Last year we enjoyed our summer holiday in Gairloch so much that we decided to return this year. But this time we chose to rent a holiday cottage just outside Gairloch instead of staying at the campsite. (It’s not that we didn’t love the wigwams but a house seemed a better option for this – rather chaotic – stage in our lives). And so we booked a stay at Rose Cottage in the lovely little hamlet of Badachro.
I adore the West Coast and love exploring more of the wonderful North Coast 500 – if you haven’t already experienced any of this fantastically scenic drive you can expect scenes such as this (looking towards Loch Maree and Kinlochewe).
The weather forecast for the week was very mixed but we knew the day we were travelling over was meant to be sunny. And sunny it was – a glorious day for taking in the magical west coast scenery. We had lunch at the Whistle Stop Cafe in Kinlochewe, which I thoroughly recommend – I loved it as soon as I laid eyes on its colourful exterior; it’s a charming little cafe that serves scrumptious food (and a few other bits and pieces, I only just managed to resist buying a pheasant handbag). Once fed and watered, we walked along the road towards the Beinn Eighe National Nature Reserve to stretch our legs – I’d have liked to have spent more time walking here but, as ever, our journey was dictated by naps and I had to make do with taking a few photographs.
Keen to make the most of the weather we headed straight for Gairloch Beach. As the littles were still napping I set off with my camera in hand and enjoyed a half hour walk around the beautiful shore, up onto the rocks and back along the path that edges the golf course. We then had an hour once they had woken up to play and paddle and just enjoy the sunshine before heading to our holiday cottage. It is a gem of a beach, with the most startling turquoise water (more on that later).
When we arrived in Badachro (about a 10 minute drive from Gairloch towards Red Point) we were greeted by a herd of free-roaming cows, much to Isaac’s astonishment. He watched them passing his window and chastised them: ‘You should not be on the road, it’s dangerous!’. We pulled in to let them past and looked up to find we were sitting right outside Rose Cottage.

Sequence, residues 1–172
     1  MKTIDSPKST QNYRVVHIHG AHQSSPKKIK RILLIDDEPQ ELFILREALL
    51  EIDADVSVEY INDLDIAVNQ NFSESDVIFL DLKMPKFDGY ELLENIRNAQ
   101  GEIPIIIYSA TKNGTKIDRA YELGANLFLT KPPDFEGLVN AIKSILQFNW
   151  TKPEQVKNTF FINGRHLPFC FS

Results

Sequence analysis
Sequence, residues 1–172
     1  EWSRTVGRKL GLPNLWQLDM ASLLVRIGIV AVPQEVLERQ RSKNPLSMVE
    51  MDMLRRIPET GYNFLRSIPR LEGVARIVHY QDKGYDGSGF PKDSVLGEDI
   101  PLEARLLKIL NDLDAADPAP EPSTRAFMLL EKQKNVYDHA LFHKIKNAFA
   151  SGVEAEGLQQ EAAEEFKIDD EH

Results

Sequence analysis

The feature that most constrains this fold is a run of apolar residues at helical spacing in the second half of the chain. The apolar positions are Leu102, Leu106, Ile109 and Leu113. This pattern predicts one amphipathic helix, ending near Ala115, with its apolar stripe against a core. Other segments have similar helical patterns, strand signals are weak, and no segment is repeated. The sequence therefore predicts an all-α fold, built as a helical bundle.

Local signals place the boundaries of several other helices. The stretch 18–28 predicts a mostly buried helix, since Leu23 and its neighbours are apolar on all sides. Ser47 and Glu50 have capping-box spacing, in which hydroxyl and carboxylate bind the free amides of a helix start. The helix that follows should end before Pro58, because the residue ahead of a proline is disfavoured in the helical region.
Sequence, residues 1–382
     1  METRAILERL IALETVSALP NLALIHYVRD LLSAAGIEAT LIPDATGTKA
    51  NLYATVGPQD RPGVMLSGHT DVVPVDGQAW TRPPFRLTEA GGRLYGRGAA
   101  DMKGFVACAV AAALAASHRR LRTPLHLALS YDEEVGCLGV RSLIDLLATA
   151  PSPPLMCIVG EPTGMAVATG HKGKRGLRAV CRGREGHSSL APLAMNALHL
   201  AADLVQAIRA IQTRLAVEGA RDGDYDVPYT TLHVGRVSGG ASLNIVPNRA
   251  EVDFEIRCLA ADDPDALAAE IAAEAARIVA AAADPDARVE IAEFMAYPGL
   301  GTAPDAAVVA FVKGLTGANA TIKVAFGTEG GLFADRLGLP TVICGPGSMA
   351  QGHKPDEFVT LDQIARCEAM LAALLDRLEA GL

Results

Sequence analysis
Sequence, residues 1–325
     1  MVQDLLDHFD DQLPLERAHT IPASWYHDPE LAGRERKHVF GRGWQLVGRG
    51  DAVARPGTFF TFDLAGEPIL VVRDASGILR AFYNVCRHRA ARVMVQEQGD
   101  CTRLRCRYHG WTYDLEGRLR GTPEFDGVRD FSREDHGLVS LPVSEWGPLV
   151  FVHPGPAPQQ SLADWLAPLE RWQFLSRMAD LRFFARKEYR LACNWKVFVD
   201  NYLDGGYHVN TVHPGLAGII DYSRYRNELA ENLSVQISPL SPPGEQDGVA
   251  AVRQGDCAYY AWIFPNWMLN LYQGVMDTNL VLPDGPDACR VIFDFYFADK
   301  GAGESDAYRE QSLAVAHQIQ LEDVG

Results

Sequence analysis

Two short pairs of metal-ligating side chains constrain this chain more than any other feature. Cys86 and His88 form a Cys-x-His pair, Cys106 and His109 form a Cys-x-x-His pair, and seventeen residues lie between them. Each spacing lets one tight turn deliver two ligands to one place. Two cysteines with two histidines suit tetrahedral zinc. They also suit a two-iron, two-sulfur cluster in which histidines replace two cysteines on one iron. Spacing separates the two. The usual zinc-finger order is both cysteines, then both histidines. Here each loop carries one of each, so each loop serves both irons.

I loved the cottage and the nostalgia of its interior. I found comfort in its old-fashioned decor, it reminded me of being in my grandfather’s house when I was a little girl. Having no Wi-Fi added to its appeal to me, as it meant an enforced digital detox (which I very much needed – although I did still have little digital fixes when we were in cafes). There was something really lovely about feeling like we’d stepped into another era.
We unpacked (ok, my husband unpacked whilst I pretended to help but actually just went round taking photographs) and promptly walked down to Badachro Inn for dinner. If you’re in the Gairloch area it’s worth the wee detour to have lunch or dinner here (and if you visit during the day, stop at the lovely little shop just before the Inn for a range of pretty crafts and gifts). We had fish and chips, which were delicious and enjoyed the lovely views – the Inn is nestled right into the edge of the bay.
The next day whilst we waited for our friends to arrive we explored Inverewe Garden (which I’ve written about here) and then headed into Gairloch in the afternoon. As the weather had become rather wet we decided to visit the Gairloch Museum (aka ‘the best little museum in Scotland’). I really enjoyed the exhibits, particularly the old light from a nearby lighthouse, and liked that there were some hands-on activities for the boys.